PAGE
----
“I’m pleased that House leadership heeded my call for additional legislative action that tackles the wide range of challenges posed by supply chain disruptions,” Axne said Wednesday evening, lambasting foreign shipping companies for “squeezing Iowa farmers.”
Rep. Kurt Schrader (D-Ore.), a member of the coalition, said in a statement, “This legislation works to address unfair shipping practices by tackling the worst instances of abuse from bad actors in the shipping industry in an effort to boost our country’s global competitiveness. The Senate should pass this critical, broadly-supported legislation without delay to resolve the supply chain struggles impacting Americans,“.
Rep. Johnson said in a statement that “the U.S. has been impacted by the backlog in the supply chain and shipping delays, noting that China and the foreign-flagged ocean carriers are not playing fairly, with accountability long overdue. If you want to do business with American ports, you need to play by our basic rules,” he said.
“I am proud of the coalition Congressman Garamendi and I have worked to build over the last year. The Ocean Shipping Reform Act puts American consumers, farmers, retailers, truckers, manufacturers, and small businesses first. Our bill passed the U.S. House with strong bipartisan support and I look forward to seeing it pass the Senate.” he added.
“The Shipping Act has remained unchanged for nearly 20 years, as the global supply chain has continued to grow and evolve to meet increased consumer demand,” said NRF Senior Vice President of Government Relations David French. “This bipartisan legislation provides much-needed updates and reform to an archaic system that retailers and thousands of other businesses depend on each day to transport goods. These improvements could not come at a more critical time, as the amplification from the pandemic has been severe. We thank Reps. Garamendi and Johnson for their leadership and the House for their swift vote to approve this measure. We encourage the Senate to follow suit.”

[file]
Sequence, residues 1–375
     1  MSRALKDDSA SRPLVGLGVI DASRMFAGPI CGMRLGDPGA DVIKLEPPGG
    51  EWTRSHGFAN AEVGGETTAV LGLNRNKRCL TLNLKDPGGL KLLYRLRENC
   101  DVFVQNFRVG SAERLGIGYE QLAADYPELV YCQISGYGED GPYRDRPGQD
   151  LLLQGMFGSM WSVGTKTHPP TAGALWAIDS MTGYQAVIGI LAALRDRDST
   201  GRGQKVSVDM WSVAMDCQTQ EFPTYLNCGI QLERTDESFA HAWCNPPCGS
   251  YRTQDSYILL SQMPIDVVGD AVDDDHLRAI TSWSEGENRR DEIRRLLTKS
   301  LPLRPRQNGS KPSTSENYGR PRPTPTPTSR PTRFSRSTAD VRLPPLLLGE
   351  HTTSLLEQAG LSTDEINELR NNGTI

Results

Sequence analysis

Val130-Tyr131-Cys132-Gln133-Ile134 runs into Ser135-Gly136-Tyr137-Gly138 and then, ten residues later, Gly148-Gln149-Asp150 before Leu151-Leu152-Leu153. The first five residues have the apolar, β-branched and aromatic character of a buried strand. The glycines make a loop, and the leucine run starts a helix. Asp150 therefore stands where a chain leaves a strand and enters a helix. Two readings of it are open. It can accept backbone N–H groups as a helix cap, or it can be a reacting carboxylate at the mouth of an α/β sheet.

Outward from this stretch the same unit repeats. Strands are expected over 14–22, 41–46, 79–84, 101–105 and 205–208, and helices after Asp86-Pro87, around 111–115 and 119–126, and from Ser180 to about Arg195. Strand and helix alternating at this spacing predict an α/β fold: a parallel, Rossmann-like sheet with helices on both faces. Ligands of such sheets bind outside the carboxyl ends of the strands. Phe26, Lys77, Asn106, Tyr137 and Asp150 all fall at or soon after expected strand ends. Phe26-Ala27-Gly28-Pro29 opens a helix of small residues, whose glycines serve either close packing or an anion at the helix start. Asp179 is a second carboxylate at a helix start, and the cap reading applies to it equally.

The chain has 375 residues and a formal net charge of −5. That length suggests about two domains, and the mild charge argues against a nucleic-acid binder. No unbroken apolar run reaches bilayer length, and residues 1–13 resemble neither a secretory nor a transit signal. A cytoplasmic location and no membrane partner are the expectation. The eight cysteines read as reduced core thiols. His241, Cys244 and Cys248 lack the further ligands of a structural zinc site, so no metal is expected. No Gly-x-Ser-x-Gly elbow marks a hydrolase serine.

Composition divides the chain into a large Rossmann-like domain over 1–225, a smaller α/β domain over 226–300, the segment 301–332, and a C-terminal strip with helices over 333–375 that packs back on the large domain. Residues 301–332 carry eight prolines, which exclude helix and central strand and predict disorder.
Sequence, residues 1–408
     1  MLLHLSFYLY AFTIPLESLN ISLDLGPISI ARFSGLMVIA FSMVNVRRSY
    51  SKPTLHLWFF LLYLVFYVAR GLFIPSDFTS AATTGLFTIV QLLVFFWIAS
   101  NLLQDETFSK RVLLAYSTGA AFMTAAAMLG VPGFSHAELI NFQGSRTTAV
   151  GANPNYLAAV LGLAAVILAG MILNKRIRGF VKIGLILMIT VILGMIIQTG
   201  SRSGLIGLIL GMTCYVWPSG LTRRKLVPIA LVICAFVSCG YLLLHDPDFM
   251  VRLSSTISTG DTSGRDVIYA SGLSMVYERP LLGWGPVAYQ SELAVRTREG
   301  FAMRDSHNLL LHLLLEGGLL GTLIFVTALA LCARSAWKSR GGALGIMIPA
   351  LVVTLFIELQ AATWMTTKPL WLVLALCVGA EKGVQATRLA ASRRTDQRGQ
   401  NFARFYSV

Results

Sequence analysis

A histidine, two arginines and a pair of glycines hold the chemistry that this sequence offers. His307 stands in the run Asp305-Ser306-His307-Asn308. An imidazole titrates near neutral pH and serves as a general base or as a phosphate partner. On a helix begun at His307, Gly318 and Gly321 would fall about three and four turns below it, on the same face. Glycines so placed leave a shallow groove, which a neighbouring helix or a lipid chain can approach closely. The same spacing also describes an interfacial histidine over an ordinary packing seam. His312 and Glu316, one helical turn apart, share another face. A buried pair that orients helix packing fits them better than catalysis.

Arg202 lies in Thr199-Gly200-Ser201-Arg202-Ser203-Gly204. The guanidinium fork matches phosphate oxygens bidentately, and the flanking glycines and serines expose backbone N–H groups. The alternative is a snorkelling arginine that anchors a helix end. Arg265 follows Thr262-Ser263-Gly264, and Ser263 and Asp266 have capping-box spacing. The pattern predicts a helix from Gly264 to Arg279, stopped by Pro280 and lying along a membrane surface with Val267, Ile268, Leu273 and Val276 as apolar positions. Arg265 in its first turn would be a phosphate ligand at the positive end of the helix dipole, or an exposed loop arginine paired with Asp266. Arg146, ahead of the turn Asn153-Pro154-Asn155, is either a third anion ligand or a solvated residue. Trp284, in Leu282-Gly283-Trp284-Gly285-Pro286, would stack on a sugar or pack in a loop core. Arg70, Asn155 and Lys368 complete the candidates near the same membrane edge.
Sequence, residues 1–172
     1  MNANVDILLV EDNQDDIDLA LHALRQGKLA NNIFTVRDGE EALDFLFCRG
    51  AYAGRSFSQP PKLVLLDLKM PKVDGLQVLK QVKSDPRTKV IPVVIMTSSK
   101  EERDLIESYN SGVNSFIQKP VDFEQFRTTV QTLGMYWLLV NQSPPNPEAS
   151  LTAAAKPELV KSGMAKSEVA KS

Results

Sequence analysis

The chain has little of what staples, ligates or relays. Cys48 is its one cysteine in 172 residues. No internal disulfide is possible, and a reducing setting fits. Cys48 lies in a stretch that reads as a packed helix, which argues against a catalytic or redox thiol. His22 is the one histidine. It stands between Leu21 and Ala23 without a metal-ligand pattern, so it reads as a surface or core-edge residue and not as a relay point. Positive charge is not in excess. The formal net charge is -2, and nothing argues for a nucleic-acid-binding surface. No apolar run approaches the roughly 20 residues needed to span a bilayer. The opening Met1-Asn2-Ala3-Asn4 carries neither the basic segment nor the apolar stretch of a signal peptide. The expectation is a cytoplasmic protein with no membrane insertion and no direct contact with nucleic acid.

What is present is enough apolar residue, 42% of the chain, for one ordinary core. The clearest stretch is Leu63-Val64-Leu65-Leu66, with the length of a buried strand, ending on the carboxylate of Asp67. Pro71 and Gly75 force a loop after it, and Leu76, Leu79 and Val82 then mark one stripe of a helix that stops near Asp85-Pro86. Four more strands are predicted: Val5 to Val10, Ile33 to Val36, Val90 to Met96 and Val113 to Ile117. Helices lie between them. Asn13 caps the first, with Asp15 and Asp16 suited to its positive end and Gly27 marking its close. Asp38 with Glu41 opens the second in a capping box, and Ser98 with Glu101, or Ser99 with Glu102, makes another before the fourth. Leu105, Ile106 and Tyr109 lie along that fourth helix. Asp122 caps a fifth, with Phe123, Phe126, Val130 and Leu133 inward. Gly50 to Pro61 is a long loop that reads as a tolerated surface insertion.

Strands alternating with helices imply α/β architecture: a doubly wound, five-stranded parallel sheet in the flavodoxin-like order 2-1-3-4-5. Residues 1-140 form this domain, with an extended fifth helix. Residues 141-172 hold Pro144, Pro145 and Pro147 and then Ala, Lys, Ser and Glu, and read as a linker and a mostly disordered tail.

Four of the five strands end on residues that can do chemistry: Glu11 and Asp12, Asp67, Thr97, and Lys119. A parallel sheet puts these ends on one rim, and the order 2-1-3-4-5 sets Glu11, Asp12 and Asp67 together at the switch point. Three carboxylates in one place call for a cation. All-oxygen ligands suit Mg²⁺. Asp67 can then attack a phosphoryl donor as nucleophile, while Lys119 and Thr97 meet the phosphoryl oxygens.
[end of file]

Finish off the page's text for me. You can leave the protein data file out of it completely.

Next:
However, not everyone is happy..
On their website, John Butler, President and CEO of the World Shipping Council (WSC) said
“The House today passed HR 4996 without proper debate or committee process. The bill is a political statement of frustration with supply chain challenges – frustrations that ocean carriers share. The problem is that the bill is not designed to fix the end-to-end supply chain congestion that the world is experiencing, and it will not and cannot fix that congestion. The World Shipping Council will continue to work with the Congress to seek real solutions that further strengthen the ocean transportation system that has supported the U.S. economy throughout the pandemic.”
When the bill was introduced in August, the WSC had stated that “The suggestion that ocean carriers are solely responsible for the current supply chain congestion is simply untrue“.
WSC is the united voice of international liner shipping with many international shipping lines as members.
The bill now needs to pass through the US Senate to be considered.